• Toso B.
      • Procida G.
      • Stefanon B.
      Determination of volatile compounds in cow's milk using headspace GC-MS.
      ;
      • Coppa M.
      • Martin B.
      • Pradel P.
      • Leotta B.
      • Priolo A.
      • Vasta V.
      Effect of a hay-based diet or different upland grazing systems on milk volatile compounds.
      ). Benzeneacetaldehyde is also product of protein metabolism, thus higher levels in pG and pC may also be due to degradation in the rumen (
      • Kilcawley K.N.
      ). 2-Butanone also follows the same trends as the raw milk. β-Pinene is most likely derived directly from forage, but concentrations are quite low in pG and pC and absent in pTMR. γ-Butyrolactone is likely formed from hydroxy acids during pasteurization.
      The SE extraction identified different volatiles due to differences in the selectivity of the techniques used. Most volatiles identified using SE were present in all the pasteurized milk samples. Only hexanoic acid and 2-undecanal were present in pG and pTMR milks, but absent in pC milks, and dodecanal was absent in pG milk but present in pC and pTMR milks. Three compounds, 1-hexadecanol, 1-octadecanol, and p-cresol, were significantly different based on forage type (P < 0.001). Both alcohols were at highest levels in the pG milks and lowest in pTMR milks, whereas p-cresol was highest in the pC milks and lowest in the pTMR milks. The alcohols are likely products of secondary lipid oxidation (
      • Bugaud C.
      • Buchin S.
      • Hauwuy A.
      • Coulon J.B.
      Relationships between flavour and chemical composition of Abondance cheese derived from different types of pastures.
      ), but p-cresol can be formed from a range of different sources. As the protein content is higher in pasture than in TMR, deamination and decarboxylation of AA are thought to occur to a greater extent in the rumen of cows fed pasture (
      • Mackle T.
      • Dwyer D.
      • Bauman D.
      Effects of branched-chain amino acids and sodium caseinate on milk protein concentration and yield from dairy cows.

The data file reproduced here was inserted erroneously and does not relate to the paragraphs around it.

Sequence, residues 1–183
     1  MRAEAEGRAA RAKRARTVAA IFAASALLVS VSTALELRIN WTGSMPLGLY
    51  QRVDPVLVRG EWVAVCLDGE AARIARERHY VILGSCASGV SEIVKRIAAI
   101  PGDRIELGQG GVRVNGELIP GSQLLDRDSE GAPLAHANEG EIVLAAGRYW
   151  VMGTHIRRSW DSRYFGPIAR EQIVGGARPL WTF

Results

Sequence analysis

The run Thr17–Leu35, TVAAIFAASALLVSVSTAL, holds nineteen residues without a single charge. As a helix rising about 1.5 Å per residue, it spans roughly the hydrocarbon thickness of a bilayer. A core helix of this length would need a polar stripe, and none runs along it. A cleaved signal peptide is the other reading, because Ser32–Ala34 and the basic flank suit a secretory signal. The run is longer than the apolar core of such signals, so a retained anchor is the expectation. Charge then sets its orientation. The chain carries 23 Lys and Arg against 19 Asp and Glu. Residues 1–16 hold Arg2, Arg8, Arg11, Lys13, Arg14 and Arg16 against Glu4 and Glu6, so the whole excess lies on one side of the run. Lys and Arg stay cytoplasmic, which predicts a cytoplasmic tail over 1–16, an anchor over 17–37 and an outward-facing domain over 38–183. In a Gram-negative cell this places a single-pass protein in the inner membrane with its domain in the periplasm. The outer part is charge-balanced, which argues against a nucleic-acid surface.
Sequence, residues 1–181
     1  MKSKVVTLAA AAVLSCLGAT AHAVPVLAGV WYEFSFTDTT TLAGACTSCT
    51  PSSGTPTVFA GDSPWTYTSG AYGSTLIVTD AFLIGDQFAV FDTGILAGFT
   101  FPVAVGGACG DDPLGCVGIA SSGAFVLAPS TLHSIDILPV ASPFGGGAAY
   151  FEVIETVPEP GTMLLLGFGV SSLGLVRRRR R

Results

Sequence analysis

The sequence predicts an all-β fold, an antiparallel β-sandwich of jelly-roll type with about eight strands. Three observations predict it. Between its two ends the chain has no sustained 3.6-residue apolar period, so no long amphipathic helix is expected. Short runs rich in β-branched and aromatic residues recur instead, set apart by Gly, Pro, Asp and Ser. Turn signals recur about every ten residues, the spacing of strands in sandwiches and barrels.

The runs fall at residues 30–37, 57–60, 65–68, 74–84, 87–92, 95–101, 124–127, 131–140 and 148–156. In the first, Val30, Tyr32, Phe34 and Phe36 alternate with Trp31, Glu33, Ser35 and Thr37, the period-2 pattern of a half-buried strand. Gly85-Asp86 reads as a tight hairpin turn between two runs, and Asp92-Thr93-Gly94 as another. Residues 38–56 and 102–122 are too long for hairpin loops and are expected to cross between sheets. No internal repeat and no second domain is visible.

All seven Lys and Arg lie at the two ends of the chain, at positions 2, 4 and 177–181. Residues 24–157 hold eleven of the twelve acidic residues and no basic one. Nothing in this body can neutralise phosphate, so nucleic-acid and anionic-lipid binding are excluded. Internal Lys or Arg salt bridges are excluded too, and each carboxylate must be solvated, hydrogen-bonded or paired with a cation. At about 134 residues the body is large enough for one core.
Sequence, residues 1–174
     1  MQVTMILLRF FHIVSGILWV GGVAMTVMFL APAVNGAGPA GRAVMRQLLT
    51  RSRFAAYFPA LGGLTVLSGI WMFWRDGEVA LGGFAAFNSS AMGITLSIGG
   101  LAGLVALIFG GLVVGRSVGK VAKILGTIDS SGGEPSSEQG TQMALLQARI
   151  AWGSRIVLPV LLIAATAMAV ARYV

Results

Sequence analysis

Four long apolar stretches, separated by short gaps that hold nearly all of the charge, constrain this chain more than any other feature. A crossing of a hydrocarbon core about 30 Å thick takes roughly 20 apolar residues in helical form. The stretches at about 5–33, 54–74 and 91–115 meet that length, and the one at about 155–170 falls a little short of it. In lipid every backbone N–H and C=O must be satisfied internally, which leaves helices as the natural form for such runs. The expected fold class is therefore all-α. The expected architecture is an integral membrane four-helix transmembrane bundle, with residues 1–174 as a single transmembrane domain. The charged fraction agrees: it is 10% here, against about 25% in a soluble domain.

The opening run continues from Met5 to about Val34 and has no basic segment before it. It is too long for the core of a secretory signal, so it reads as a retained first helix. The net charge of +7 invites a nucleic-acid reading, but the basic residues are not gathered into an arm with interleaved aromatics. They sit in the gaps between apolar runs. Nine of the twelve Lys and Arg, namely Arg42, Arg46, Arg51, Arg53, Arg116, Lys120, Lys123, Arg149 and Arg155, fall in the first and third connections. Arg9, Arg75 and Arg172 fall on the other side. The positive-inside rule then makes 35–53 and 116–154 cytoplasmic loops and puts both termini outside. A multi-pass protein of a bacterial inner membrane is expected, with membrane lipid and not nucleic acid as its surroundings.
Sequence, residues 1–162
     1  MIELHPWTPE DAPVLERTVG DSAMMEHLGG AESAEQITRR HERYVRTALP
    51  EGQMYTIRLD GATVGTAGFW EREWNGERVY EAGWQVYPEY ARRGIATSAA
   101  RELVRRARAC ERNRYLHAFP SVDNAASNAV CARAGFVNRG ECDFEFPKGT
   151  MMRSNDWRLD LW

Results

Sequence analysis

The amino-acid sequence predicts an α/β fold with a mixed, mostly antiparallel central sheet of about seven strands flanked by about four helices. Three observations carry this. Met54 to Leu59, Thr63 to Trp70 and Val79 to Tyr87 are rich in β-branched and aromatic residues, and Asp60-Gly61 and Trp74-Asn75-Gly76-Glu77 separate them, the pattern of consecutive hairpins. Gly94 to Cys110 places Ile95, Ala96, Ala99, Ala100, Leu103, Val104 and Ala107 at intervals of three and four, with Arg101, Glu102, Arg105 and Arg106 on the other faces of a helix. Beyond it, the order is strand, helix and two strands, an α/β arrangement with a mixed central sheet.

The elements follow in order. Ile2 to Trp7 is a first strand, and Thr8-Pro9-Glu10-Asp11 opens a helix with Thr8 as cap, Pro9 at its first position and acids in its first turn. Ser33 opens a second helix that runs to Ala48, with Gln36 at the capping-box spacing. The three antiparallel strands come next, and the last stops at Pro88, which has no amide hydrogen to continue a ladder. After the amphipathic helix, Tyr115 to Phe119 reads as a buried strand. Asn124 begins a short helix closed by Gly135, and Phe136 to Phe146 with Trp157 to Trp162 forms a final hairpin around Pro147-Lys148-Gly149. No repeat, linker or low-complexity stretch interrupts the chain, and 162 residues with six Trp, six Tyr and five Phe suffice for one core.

;
      • Coppa M.
      • Martin B.
      • Pradel P.
      • Leotta B.
      • Priolo A.
      • Vasta V.
      Effect of a hay-based diet or different upland grazing systems on milk volatile compounds.
      ), and it has been established that phenolic compounds such as p-cresol result from the degradation of tryptophan and tyrosine (
      • Carlson J.R.
      • Breeze R.G.
      Ruminal metabolism of plant toxins with emphasis on indolic compounds.
      ). However, p-cresol may also be produced from the degradation of β-carotene by a series of cyclization and oxidation reactions (
      • Ueno T.
      • Masuda H.
      • Ho C.T.
      Formation mechanism of p-methylacetophenone from citral via a tert-alkoxy radical intermediate.
      ). The higher levels in pC milks are likely due to the degradation of formononetin, an isoflavone that primarily occurs in leguminous plants such as clover (
      • Zepka L.Q.
      • Garruti D.S.
      • Sampaio K.L.
      • Mercadante A.Z.
      • Da Silva M.A.A.P.
      Aroma compounds derived from the thermal degradation of carotenoids in a cashew apple juice model.
      ;
      • Kilic M.
      • Lindsay R.
      Distribution of conjugates of alkylphenols in milk from different ruminant species.
      ). Five volatile compounds were significantly different based on forage at (P < 0.05; butanoic acid, pentanal, hydroxy-2(5)H-furanone, 2-furanmethanol, and 1-phenylethanol). Butanoic acid, hydroxy-2(5)H-furanone, and 2-furanmethanol were highest in pTMR milks and lowest in pG milks.